This point was directed more at films like Alice in Wonderland, that intended to be in 3D at the on-set, but was shot in 2D and transferred to 3D afterward. Still, I agree with the virtue of what Cameron is saying here. 3D films should almost be a genre in themselves. Right now, Hollywood smells the extra dollar and knows the key to getting it is throwing in an extra dimension. It’s going to make everything 3D, regardless of whether it should be or not.

Cameron hopes that studios will make 3D movies for the sake of making movies with a third-dimension, not just to make a buck.

The current process of turning everything 3D will eventually lead to another demise of 3D if it continues. Hollywood seems to forget about the concept of diminishing returns.

I think there’s a place for 3D and so does Jimmy Cameron. Though we may not agree on where that place is, I think it does deserve to be given the extra thought, rather than being passed around like a collection basket at Sunday mass. The reasons for the demise of 3D the first and second time around was that the technology wasn’t quite good enough. Now we have the technology, but it all has the potential of being over-saturated for the sake of a quick cash-in.

3D movies have their place. They bring a special spectacle that can only be appreciated in the movie theatre. We can all agree that if they are treated properly, they can co-exist with 2D movies in the multiplex. Cameron and I seem to agree as far as that goes, and I wouldn’t have expected that.

Though, where he and I still disagree is that good story-telling and character should always come first. I’m still looking at you, Avatar.





Day Fifty-One – Keys to the (Magic) Kingdom

20 02 2010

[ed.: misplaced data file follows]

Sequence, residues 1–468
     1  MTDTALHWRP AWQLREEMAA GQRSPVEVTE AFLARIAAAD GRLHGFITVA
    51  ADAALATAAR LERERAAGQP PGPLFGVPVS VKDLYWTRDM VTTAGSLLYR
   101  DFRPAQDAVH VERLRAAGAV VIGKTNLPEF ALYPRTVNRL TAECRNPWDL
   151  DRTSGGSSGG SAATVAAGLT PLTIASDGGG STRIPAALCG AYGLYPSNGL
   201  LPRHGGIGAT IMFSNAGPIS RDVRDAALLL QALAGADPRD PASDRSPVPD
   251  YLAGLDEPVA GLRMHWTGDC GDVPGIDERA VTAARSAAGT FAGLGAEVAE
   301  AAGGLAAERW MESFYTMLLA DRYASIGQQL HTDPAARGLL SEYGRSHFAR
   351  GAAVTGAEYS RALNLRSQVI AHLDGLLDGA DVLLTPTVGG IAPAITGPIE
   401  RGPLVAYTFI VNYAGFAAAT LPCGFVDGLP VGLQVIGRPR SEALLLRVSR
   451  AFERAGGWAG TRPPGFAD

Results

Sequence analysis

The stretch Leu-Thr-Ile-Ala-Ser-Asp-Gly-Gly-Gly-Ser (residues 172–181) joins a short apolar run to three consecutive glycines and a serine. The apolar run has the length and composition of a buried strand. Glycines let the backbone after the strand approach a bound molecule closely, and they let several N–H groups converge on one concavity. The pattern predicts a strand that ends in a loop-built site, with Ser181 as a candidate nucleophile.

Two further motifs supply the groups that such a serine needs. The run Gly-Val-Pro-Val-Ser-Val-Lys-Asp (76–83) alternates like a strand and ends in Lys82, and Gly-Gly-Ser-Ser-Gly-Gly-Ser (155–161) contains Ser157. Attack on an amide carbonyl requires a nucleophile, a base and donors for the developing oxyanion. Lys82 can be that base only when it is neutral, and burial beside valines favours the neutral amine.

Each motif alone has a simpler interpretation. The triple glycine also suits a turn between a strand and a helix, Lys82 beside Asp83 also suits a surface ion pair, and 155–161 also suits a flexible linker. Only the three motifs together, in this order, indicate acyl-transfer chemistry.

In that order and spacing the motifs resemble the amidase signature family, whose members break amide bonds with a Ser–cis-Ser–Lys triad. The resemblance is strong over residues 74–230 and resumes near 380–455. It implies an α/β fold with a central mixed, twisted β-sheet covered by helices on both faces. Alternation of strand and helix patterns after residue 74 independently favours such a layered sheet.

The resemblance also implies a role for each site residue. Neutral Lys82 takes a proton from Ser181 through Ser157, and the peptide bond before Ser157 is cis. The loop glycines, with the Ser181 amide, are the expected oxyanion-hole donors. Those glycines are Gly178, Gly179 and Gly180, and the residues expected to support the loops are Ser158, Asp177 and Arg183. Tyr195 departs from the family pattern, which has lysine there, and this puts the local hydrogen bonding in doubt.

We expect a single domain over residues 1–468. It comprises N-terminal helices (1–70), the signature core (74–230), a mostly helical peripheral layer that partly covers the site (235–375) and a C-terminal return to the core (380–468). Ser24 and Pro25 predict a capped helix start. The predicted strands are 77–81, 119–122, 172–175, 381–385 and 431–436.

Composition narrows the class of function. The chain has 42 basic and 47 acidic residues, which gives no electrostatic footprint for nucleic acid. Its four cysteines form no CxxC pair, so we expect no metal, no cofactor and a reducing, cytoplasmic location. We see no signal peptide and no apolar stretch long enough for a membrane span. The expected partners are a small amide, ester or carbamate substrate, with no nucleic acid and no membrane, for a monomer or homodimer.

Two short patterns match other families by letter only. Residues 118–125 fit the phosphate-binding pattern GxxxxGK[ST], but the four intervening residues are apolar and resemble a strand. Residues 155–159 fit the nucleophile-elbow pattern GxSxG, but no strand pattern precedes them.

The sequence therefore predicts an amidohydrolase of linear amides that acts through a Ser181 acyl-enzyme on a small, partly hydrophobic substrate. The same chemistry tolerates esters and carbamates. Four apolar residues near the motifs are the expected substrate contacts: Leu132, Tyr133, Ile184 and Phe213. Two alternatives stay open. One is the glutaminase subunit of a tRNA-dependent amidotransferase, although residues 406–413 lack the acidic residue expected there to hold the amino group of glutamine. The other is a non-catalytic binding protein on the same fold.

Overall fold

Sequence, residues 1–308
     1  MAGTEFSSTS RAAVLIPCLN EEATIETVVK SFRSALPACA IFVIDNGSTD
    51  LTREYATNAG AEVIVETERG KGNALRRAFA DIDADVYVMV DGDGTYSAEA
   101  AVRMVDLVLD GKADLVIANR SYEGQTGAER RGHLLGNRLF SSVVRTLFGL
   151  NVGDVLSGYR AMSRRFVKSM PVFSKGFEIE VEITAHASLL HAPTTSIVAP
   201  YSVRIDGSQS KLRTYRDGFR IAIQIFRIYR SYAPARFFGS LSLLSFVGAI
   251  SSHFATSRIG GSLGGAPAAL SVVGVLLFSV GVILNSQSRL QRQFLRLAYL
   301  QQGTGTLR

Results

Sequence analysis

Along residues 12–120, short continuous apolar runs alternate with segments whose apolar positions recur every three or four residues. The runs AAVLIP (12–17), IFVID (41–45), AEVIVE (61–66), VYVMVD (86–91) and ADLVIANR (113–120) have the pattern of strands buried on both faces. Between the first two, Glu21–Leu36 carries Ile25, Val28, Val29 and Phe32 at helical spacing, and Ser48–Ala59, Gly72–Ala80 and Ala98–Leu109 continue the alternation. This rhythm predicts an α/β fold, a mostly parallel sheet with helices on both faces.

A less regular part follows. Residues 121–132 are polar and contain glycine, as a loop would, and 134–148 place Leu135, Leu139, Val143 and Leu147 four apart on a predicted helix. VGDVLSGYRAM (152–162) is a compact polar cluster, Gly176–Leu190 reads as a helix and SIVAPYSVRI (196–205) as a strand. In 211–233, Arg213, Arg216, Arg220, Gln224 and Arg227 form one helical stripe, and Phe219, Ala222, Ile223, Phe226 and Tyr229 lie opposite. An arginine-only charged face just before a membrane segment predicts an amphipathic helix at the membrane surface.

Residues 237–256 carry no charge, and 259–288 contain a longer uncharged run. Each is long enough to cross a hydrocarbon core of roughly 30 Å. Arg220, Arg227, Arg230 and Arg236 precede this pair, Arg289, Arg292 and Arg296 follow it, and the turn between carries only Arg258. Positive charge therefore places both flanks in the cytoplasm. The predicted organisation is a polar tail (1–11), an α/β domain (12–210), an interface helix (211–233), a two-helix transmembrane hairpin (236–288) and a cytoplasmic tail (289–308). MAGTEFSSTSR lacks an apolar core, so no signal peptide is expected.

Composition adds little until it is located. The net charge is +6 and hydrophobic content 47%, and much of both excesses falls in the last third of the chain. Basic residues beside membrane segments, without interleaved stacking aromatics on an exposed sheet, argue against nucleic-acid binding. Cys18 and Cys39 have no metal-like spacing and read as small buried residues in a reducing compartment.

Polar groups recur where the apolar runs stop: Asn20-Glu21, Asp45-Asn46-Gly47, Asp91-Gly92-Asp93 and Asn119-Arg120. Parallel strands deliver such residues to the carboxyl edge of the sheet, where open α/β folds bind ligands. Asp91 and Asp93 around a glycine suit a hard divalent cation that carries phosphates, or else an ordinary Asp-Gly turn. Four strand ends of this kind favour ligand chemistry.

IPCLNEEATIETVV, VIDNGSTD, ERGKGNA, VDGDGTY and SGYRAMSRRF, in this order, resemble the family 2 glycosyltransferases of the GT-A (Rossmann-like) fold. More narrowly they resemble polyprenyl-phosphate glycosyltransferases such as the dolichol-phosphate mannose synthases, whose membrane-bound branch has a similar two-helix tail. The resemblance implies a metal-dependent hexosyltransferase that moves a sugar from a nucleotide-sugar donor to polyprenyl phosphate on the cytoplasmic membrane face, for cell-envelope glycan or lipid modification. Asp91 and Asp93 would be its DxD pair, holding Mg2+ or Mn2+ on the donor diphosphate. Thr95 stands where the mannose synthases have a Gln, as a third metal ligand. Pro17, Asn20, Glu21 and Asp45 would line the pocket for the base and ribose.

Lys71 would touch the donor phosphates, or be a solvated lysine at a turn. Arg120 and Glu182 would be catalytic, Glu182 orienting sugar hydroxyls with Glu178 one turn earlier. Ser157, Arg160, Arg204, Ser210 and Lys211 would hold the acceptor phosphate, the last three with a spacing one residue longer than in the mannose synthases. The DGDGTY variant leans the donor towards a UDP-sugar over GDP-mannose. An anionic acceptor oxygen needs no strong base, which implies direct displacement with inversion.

Disney’s latest announcement didn’t seem like it even needed to be said. To me, it’s just common sense. Basically, if your movie idea can sell toys or comes from Pixar, you’ll be issued a key to the Mouse House’s vault o’ cash. If not, it better be cheap.

The concept of trying to make money outside of just box office isn’t new. I remember when the Godzilla remake came out and my local Blockbuster was filled with Godzilla toys, cups, mouse pads and other useless items. The movie wasn’t too concerned about making a ton at the box office. As long as I bought a bunch of crap outside of the theatre, they were more than happy. (Sadly, I bought the soundtrack. That was before I developed any kind of taste in music. I promise.)

Your only way into the Magic Kingdom is an idea that'll make money; one way or another.

Roger Ebert said on his Twitter that making this statement is the same as an admission of guilt. I don’t think that’s the case. I think it’s just reaffirming their stance in the world of Hollywood. They need to fill all those Disney stores in the malls with something other than Buzz Lightyear dolls and Cinderella pillows. They’ve basically made it clear to every agent and manager exactly what they’re looking for.

Have a great horror idea that takes place in a refrigerator? Does the fridge have a friendly face that can be made into an action figure that the 8-14 year old boys will want in their Christmas stockings? No? Try 20th Century Fox.

Anyone who grumbles that this is just another problem with corporate America owning the studios needs to do their research before worrying. Disney isn’t concerned with making less quality films. They just don’t want to pay for trash like G-Force when it has no potential for a return outside of box office. Can anyone really be upset about that?

Also, low budget in Hollywood means $50 million. I could make a pretty good movie for that amount of money. Sure, my talking unicorn will likely have to be dropped from my script, but I could just get a cheap TV actor to serve his purpose anyway.

Basically, if you need the money, you better have some way to make it back. If your movie can be made for $50 million, it’s reasonable to assume you can be profitable in box office alone. Think The Proposal. If not, your movie better have another way to make up what it owes. Whether it’s cutting the neighbours’ lawns over the summer or selling some cheap plastic toys, you better have a business plan to get your cash back.

Is there really anything wrong with that? Make a movie people will want to spend money on, one way or another, or go looking for your cash elsewhere.

Does that even need to be said?